MELISSA FERRICK (Buy CDs by this artist)
Massive Blur (Atlantic) 1993
Willing to Wait (Atlantic) 1995
Melissa Ferrick + 1 (What Are Records?) 1997
Everything I Need (What Are Records?) 1998
Freedom (What Are Records?) 2000
Amid the sudden surge of serious young women solo artists that gripped the record industry in the early '90s, Melissa Ferrick was hardly ignored, but her gripping and honest music was unjustly overlooked. Classically trained (she was a violin prodigy and later attended the Berklee School of Music on a trumpet scholarship), Ferrick took up guitar in college and got her big break in 1991, when she was invited to open for Morrissey at a Boston date. Although she was a total unknown outside the local club scene, Morrissey liked her so much he took Ferrick along for the rest of the tour, including a stop at New York's Madison Square Garden that had contract-toting label execs tripping over themselves to get backstage first.
Produced by Gavin MacKillop, Massive Blur showcases Ferrick's powerful, dramatic voice and a broad stylistic reach. Her songs are pensive and rocking, direct and oblique, often about relationships but not strictly romantic ones. "Hello Dad," a harrowing portrait of an undemonstrative, alcoholic father (who Ferrick said was fictional), is heartbreaking ("You can't fool me/Because I know/I know that you still love me"). But she's capable of humor as well. After the album failed to ignite commercially, Ferrick wrote, performed and even recorded (for a promo single) "The Juliana Hatfield Song," a good-natured lament about her lack of commercial success in comparison to that of her labelmate and pal.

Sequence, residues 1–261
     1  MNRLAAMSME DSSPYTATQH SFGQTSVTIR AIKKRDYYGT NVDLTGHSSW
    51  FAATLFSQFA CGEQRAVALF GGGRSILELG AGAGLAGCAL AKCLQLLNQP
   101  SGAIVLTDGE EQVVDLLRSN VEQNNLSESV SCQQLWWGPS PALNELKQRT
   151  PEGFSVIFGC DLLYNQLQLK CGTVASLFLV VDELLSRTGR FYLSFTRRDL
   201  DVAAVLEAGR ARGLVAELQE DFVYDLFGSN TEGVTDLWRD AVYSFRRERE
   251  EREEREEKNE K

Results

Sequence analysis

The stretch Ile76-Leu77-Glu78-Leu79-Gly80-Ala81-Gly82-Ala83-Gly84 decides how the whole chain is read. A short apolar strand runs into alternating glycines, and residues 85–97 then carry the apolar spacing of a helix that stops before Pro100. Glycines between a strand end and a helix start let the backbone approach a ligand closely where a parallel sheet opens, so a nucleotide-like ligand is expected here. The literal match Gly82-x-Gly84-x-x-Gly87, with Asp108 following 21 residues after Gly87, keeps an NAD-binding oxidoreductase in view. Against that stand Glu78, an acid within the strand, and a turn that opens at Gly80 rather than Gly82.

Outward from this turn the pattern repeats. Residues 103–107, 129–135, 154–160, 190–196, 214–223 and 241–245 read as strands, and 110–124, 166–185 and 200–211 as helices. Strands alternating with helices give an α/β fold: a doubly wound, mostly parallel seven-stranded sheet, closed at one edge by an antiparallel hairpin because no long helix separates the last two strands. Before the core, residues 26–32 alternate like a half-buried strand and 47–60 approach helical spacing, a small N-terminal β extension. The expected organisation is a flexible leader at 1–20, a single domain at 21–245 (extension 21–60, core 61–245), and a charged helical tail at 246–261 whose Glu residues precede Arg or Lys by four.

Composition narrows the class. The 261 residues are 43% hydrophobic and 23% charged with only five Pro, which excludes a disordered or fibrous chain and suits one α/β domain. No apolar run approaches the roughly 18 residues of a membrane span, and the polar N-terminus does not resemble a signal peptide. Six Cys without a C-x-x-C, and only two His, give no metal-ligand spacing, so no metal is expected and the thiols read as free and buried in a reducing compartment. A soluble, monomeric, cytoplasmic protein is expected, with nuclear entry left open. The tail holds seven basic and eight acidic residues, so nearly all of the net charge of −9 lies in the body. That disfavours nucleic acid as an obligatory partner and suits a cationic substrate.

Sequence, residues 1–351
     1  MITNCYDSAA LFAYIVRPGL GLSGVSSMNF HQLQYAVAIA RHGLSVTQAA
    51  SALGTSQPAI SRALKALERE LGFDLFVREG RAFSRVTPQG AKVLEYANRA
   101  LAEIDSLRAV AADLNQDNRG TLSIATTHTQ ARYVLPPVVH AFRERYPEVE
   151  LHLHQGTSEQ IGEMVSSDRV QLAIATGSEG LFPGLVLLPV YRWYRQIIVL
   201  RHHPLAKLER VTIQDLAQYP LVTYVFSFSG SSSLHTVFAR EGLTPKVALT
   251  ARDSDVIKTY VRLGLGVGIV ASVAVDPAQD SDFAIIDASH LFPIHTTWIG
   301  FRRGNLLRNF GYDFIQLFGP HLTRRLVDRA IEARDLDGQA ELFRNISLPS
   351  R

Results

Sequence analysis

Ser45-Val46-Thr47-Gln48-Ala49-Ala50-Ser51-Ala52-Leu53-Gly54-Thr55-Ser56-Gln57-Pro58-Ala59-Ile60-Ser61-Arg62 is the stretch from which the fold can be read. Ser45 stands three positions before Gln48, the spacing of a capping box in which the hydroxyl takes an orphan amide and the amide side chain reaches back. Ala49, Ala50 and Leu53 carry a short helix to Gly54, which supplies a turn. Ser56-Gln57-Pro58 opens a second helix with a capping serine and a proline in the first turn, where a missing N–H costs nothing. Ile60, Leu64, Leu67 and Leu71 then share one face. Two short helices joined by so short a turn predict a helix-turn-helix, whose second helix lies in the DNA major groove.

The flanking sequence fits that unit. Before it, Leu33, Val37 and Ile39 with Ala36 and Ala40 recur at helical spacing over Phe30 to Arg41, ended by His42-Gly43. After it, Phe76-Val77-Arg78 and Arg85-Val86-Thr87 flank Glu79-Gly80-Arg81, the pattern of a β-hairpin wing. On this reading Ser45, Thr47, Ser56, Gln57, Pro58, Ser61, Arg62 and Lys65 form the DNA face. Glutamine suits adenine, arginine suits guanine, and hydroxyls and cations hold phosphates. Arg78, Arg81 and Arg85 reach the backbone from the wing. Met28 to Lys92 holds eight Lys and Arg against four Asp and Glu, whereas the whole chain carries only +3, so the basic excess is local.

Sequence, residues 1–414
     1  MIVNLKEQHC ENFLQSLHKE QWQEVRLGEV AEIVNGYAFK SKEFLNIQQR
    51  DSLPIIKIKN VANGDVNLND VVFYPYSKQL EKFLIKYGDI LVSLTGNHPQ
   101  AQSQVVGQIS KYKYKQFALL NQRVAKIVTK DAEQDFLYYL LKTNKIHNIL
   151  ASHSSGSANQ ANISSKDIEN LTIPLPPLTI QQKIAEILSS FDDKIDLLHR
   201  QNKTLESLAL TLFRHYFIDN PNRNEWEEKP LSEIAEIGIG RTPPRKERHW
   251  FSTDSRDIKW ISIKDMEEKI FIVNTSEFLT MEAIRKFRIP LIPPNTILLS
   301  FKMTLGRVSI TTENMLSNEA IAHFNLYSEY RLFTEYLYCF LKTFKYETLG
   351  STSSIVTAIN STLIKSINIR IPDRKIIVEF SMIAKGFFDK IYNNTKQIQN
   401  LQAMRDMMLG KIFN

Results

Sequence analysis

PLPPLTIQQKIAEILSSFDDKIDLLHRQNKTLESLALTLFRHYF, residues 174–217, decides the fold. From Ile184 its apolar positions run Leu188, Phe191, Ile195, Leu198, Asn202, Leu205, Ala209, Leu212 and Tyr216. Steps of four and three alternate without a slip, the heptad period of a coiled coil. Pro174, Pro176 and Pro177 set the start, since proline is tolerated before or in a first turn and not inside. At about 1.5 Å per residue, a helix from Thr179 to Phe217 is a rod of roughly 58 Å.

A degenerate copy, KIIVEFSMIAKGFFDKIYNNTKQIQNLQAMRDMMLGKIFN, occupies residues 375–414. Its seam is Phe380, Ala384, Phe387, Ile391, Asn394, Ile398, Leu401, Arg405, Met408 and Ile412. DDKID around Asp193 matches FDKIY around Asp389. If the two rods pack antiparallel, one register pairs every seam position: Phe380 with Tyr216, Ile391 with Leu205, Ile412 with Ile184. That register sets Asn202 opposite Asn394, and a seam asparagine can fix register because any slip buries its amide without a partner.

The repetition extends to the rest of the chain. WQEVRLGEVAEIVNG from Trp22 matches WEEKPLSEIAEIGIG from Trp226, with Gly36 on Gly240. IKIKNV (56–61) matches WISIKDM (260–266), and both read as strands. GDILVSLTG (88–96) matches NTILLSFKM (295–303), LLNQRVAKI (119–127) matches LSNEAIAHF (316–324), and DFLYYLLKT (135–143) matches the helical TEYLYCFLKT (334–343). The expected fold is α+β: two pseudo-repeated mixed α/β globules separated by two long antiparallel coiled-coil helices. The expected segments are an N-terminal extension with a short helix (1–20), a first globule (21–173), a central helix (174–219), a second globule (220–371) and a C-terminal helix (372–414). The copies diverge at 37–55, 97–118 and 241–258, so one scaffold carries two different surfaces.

Ferrick came out upon the release of Willing to Wait, and her sophomore effort is a vastly different album. Stripped down and gentler, it's much closer to her Boston coffeehouse roots than Massive Blur. Still, "Willing to Wait" blends a Crazy Horse-style stomp with the tortured Celtic warble of Sinéad O'Connor, while the upbeat "Falling on Fists" and "I Am Done" also have plenty of kick. Most of Ferrick's songs are directed at lovers who have done her wrong, but her album-opening declaration that "I want to be/Better than I am" sets a tone that prevents even the album's darkest moments from sinking into desolation.[Gary Graff]
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